A day after Ginsburg, 87, succumbed to cancer, Collins said Saturday that Ginsburg's replacement should be nominated “by the President who is elected on November 3rd.” She said the Senate shouldn’t vote until after the election.
She told reporters Tuesday she'd oppose any Trump pick if the vote occurs before Election Day, not because of the nominee but out of fairness. She cited Senate Majority Leader Mitch McConnell’s 2016 decision to block President Barack Obama’s effort to fill a court vacancy that occurred nine months before Election Day, claiming the next president should make the selection. Ginsburg died 47 days before the coming election.
“I now think we need to play by the same set of rules," Collins said. Alaska Sen. Lisa Murkowski has said she's against voting on a nominee before the election, but opposition by her and Collins isn't enough to derail a nomination in the Republican-run chamber.
For Collins, 67, a no vote could risk support she'll need in her reelection from conservative Republicans demanding fealty to Trump. At the same time, she can't afford to alienate independents and cross-over Democrats who value moderation.
If the Senate's Supreme Court vote occurs before Election Day, Collins’ position will be magnified as an issue in her race. Even if it doesn't, her stance will be high on voters' minds. “It ties her into a pretzel,” said Dan Eberhart, a major GOP donor to Trump and Senate candidates, though not directly to Collins. “She needs the base, but she also needs the center or she will lose.”
Trump plans to announce his selection Saturday. McConnell, R-Ky., has said the Senate will vote this year but hasn't specified when. Democrats hope the nomination fight will remind liberal voters of Collins’ support for Trump's controversial last Supreme Court pick, Justice Brett Kavanaugh.
It might also focus progressives on how abortion rights and President Barack Obama's health care law could be threatened by a conservative-dominated Supreme Court. The justices plan to hear arguments on a GOP effort to annul the health care law the week after Election Day.
Collins' Democratic opponent, Sara Gideon, began airing a TV ad Tuesday saying “our children and our grandchildren” will be affected by Trump judicial nominees the McConnell-led Senate is rubber-stamping.
“We have to change the people who make him majority leader. That includes Sen. Susan Collins,” Gideon says. Until Tuesday, Collins’ carefully worded statements hadn't specified how she'd vote if McConnell forced the issue.
“People don’t know what she stands for,” said Lauren Passalacqua, spokeswoman for the Democratic Senatorial Campaign Committee, the party’s Senate political arm. She also cited Collins' refusal to say if she’ll vote this year for Trump, with whom she's had a fraught relationship.
Republicans say Collins' stance illustrates an independence that Maine voters have long prized. “Our state and our country need problem solvers,” said Michael Thibodeau, a Republican and former state Senate president. “People who can compromise and see value in others’ ideas and are not driven solely by the most partisan aspects of politics.”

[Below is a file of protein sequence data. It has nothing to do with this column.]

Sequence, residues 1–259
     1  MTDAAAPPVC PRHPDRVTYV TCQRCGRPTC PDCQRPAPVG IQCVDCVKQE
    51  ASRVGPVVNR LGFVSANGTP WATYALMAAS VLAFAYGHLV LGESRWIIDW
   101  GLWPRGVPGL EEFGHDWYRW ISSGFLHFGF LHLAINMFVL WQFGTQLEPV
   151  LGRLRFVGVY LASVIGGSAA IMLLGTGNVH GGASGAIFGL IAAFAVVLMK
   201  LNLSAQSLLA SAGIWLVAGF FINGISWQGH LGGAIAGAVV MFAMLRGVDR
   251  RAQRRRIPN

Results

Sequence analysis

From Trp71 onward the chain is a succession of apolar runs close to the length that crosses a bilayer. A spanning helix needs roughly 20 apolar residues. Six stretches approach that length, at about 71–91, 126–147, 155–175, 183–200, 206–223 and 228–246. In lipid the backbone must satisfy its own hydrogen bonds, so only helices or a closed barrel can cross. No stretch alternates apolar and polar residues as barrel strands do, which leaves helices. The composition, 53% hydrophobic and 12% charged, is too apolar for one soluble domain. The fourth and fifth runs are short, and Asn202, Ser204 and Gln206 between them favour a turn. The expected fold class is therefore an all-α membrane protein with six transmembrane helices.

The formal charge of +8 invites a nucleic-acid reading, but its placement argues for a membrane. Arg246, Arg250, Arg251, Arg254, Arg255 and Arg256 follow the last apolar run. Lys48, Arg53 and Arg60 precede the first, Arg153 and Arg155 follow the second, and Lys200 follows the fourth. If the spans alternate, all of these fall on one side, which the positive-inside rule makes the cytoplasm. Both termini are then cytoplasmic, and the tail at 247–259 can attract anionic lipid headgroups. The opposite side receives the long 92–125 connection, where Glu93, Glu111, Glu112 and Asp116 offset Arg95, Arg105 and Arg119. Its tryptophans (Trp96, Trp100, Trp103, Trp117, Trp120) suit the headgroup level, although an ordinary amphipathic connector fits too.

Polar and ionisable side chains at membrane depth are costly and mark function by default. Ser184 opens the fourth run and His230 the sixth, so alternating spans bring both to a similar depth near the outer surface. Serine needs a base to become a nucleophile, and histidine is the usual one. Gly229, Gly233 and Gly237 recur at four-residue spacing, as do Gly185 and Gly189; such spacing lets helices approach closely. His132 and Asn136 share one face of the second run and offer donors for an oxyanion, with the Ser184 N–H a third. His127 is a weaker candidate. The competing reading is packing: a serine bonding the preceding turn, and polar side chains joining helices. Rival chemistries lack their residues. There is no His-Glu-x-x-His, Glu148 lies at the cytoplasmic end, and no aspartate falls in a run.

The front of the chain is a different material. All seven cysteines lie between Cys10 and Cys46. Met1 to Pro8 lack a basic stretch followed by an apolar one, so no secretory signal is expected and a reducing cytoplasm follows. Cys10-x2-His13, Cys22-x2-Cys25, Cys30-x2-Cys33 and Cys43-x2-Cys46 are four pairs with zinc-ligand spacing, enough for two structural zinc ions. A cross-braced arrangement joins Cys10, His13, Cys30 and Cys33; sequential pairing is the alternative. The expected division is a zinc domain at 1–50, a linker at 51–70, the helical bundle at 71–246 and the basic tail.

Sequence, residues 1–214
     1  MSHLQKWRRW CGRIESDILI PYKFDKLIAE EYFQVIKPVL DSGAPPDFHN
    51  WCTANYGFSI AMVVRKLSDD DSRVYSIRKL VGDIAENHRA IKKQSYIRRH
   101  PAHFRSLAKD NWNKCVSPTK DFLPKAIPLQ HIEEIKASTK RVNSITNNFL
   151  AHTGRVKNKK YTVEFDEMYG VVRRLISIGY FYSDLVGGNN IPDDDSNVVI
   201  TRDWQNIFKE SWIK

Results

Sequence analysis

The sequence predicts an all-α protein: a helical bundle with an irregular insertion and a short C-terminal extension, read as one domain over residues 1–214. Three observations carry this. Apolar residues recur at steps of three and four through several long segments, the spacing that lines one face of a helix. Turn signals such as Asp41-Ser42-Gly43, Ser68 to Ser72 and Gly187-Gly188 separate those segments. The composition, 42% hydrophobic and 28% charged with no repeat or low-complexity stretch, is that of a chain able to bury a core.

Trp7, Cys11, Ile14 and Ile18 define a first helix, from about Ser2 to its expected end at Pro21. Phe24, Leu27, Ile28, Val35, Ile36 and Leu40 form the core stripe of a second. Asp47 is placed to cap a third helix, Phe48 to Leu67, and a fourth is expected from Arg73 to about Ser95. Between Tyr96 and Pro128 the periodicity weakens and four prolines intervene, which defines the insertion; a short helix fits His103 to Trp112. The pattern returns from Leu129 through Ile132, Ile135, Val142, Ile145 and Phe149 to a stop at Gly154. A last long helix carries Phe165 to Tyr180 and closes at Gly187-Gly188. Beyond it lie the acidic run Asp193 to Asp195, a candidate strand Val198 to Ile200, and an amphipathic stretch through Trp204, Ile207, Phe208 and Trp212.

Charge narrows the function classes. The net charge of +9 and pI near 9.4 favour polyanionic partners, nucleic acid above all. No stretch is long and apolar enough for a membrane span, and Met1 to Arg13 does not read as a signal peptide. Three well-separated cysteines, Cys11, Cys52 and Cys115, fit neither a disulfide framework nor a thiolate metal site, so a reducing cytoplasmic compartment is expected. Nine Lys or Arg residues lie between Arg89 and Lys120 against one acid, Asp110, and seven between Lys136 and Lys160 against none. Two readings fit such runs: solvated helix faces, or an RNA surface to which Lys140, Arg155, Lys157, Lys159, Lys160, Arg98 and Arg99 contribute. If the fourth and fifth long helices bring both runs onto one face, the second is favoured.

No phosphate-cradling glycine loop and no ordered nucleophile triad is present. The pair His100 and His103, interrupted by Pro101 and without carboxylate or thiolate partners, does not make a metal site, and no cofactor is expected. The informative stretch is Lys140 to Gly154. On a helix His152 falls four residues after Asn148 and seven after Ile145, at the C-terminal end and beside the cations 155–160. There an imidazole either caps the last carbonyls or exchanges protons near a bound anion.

“Senator Collins always does what she thinks is right for Maine and America, no matter which political party is in power,” said Annie Clark, a Collins campaign spokesperson. Polling illustrates the perils that Trump poses for Collins, one of the most vulnerable GOP senators facing reelection this year.
A Maine poll by The New York Times and Siena College, released last week before Ginsburg died, showed Trump substantially trailing Democratic presidential nominee Joe Biden. It showed a majority wanting Biden to select the next justice, spotlighting Collins' risks if she assents to Trump's pick.
The poll also showed Collins slightly trailing or even with her Gideon, underscoring that Collins can ill afford to lose support over the court fight. “She'll get dinged on by the right, and dinged on by the left,” said Democratic consultant John Lapp.
In a further problem for Collins, Maine's political ground is shifting. State records show nearly 387,000 Democrats in July and 340,000 “unenrolled” independents, giving Democrats the largest voting block for the first time since at least the 1980s, according to Maine Secretary of State Matthew Dunlap. Republicans trail both groups.
Collins is one Congress' few remaining GOP moderates. She's backed abortion rights and won praise from Democrats when she helped kill Trump's 2017 drive to erase Obama's health care law. But Democrats have complained that despite her penchant for publicly agonizing over difficult issues, she too often follows the GOP line when her vote is needed.
In a deal-breaker for Democrats and many #MeToo movement supporters, Collins cast a pivotal vote for Kavanaugh to fill a Supreme Court vacancy in 2018, despite accusations that he’d committed sexual assault while in high school. Kavanaugh denied the allegations.
Collins has said she believes Kavanaugh won't overturn the court's Roe v. Wade decision finding abortion legal. Abortion rights advocates say they think he will. Collins didn’t support Trump during the 2016 election because of his “constant stream of denigrating comments." Asked Monday on TV's “Fox and Friends” about Collins’ distancing over the court vacancy, Trump said: “I think that Susan Collins is going to be hurt very badly.”
Both sides have so far spent or allocated $97 million on the Collins-Gideon race, with Democrats having a modest edge, according to the ad tracking company Kantar/CMAG. In a sign of conservatives' ambivalence, the Club for Growth hasn't endorsed Collins but is collecting contributions for her that may total $200,000, said the conservative group's president, David McIntosh. He said Collins' remarks indicate “she's open” to backing a Trump pick and added, “It's an important race for keeping the majority."
Republicans control the Senate 53-47.
Sharp reported from Portland, Maine.